Joined: 27 Nov 2007
Location: Monterey County, California
|Posted: Mon Apr 07, 2008 7:21 pm Post subject: The Belcher-Roach Vendetta
|About ten o'clock at night, on the 18th of June, 1856, at the city of Monterey, in the Washington Hotel, Mr. Lewis Belcher was shot while talking to a friend at the bar. The shot was fired by an assassin from behind a pillar in the corridor. At the time the bar-room was full of people. The shot was no doubt fired from a revolver, and took effect in the abdomen, making a large hole and tearing the intestines fearfully. Mr. Belcher lingered until two o'clock the next day when he died from the effects of his wound. At the time of his death he was the receiver of the estate of the orphan heirs of Jose Maria Sanchez. The killing of Belcher made the seventh violent death up to that period, growing out of this affair, for a beggarly sum of $70,000, which seemed to do no one else any good except the "ancient fraternity of constables, scribes and lawyers."
Jose Maria Sanchez of Monterey was accidentally drowned near his house in 1852. A short time after his death his widow married a man named Gordon Williams. Lewis Belcher became one of the bondsmen of William Roach, who administered on the estate of Sanchez, and Roach got possession of all the money and property belonging to the estate. Gordon Williams, the husband of the widow Sanchez, was killed by the blowing up of the Jenny Lind steamboat on the 12th of April, 1853, and his widow a short time after married Doctor Sanford, who took sides with Belcher, who thought he should have the handling of some of the estate with his friend Roach. Dr. Sanford, the husband, took a leading part in favor of Belcher, who had commenced legal proceedings against Roach, and he and a brother-in-law of Roach met in a barroom at Monterey. A dispute arose between them, when Sanford drew a pistol, and would have shot McMahon, Roach's brother-in-law, but was prevented by a bystander in the room. McMahon then went out and obtained a pistol, came back and confronting Sanford, gave him notice to defend himself. Both fired at the same time, and both fell dead! This left the former Mrs. Sanchez a widow for the third time.
A brother-in-law of Dr. Sanford's named Atwood, and a warm friend of the doctor's during the excitement and trouble, put an end to his life by blowing out his brains with a pistol. After the death of Sanford and McMahon things became still hotter for the interested parties. There were two gentlemen in Monterey, Isaac Wall (Speaker of the House of Representatives of California in 1853) and the other named Williamsóboth strong friends of Roach's.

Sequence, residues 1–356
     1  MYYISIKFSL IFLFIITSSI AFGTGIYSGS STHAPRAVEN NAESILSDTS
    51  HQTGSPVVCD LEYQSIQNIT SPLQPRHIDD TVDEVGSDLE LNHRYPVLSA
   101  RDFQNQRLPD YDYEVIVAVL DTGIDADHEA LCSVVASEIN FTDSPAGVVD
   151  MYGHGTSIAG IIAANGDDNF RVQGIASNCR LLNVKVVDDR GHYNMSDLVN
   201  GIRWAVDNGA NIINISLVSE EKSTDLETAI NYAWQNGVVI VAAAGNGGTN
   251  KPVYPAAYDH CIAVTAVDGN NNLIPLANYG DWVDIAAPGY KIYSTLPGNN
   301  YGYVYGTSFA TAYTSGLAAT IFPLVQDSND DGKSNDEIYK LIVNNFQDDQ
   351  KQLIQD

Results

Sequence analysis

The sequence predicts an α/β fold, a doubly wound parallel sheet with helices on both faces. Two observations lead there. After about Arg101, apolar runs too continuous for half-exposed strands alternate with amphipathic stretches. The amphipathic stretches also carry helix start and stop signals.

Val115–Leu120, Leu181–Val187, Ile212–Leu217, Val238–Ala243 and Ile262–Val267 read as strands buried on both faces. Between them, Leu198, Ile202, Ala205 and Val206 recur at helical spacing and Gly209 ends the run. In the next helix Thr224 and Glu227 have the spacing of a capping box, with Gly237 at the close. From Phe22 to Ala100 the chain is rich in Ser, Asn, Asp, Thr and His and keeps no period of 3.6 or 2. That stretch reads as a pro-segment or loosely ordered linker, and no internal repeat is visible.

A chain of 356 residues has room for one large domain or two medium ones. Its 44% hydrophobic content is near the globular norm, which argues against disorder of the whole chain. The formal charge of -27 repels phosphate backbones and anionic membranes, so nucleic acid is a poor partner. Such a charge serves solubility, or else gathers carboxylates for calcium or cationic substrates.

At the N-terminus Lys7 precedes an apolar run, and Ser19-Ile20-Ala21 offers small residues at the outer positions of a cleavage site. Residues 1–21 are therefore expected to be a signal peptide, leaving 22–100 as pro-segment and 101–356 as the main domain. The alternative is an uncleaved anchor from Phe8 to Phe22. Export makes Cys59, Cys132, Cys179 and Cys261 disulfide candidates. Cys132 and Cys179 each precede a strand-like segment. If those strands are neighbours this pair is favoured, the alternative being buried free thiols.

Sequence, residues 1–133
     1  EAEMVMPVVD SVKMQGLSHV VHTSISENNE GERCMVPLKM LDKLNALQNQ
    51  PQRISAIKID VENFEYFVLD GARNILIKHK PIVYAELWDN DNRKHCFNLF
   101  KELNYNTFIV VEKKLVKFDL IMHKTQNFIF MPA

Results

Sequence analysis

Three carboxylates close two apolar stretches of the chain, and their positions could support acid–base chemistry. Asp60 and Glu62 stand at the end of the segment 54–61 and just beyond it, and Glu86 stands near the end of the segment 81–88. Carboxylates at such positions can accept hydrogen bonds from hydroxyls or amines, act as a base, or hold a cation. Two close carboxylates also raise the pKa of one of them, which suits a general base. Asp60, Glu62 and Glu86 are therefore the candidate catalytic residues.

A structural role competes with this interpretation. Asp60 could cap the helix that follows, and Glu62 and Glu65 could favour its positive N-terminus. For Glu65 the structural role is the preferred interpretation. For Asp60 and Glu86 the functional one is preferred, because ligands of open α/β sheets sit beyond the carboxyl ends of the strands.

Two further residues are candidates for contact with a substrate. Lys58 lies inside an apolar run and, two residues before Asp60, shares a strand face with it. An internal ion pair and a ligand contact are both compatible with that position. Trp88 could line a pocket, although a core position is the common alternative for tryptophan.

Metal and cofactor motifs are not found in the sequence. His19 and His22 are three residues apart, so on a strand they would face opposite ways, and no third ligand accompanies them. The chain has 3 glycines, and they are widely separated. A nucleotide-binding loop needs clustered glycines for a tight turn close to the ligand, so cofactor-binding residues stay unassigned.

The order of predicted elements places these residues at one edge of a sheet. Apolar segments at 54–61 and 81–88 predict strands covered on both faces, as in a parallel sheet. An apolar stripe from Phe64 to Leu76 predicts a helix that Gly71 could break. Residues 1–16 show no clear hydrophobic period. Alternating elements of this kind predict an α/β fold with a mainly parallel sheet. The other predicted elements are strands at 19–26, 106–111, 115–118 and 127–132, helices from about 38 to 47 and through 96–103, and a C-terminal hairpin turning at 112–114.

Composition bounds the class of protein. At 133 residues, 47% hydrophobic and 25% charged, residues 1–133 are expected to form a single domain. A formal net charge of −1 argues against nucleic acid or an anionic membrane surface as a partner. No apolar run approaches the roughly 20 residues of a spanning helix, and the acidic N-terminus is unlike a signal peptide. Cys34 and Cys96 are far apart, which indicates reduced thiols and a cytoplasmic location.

They started on a Monterey tour with arms and ammunition and a pack mule to carry their blankets and camp utensils. The Belcher men supposed they were going to meet Roach, and that they had a large sum of money packed on the mule. Wall and Williams were waylaid on the Salinas plains and both were shot and killed, and Wall was also slit down the back in several places with a knife. Anastacio Garcia was thought to have been paid by the Belcher party to do the deed. The Sheriff summoned a posse of six men to go to the Mission of Carmel, where Garcia resided, and arrest him. It was dark before they arrived at the dwelling, and the house being closed and the doors fastened, the Sheriff demanded admittance; and Garcia replied by firing a volley out of his house at the Sheriff and his deputies, and succeeded in killing three of them, and finally making good his escape.
Belcher now began to maneuver to find the oft-made widow a new husband, and made a match between her and one of his friends, George Crane, who, after his marriage, was called George IV, being the lady's fourth husband within four years. Before the ceremony was performed the widow deeded to him all of her immense property, which he managed to squander by spending it among his friends, and in being elected to the Legislature from his county. The last heard of Crane was that at the close of the rebellion, he died in New York.
The Vigilance Committee of 1856 was fully organized in San Francisco, and Belcher at once came to the city and became a member of that body, pledging them his influence in the counties of Santa Clara, Santa Cruz and Monterey. He repaired with five or six men to the city of Monterey, where he was killed. After his death, Roach considered himself free from personal danger, and he traveled around the country as usual in all his accustomed haunts and places. His greatest foe was dead, and the bloody scenes and angry feuds appeared to be buried in the past, and finally Anastacio Garcia was known to be at the Mission of Carmel unmolested.
After awhile Garcia became emboldened and ventured into Monterey, where he was arrested on suspicion of being concerned in several of those terrible assassinations and cast into prison in that city, where he was hanged to the rafters by several of his old friends who adopted the desperate motto, that "dead men tell no tales."
William Roach was in Watsonville transacting some business that kept him rather late in the night. He mounted his horse, perfectly sober, and journeyed toward home. During the night the horse, without its rider, returned home. About three miles from Watsonville there was a stopping place, and nearby the house a well. One of the people on the ranch went to the well in the morning to draw water and discovered the body of a man in it. He gave the alarm, and when the body was drawn out it was identified as that of William Roach, the last victim of the Belcher-Roach vendetta murders, which cost ten or more citizens their livesómany useful, and some of them good men.
After the death of George Crane his widow had but a small portion of her first husband's (Sanchez) immense estate left, and she bought a piece of land near San Juan. She married again for the fifth time and was living there in 1910.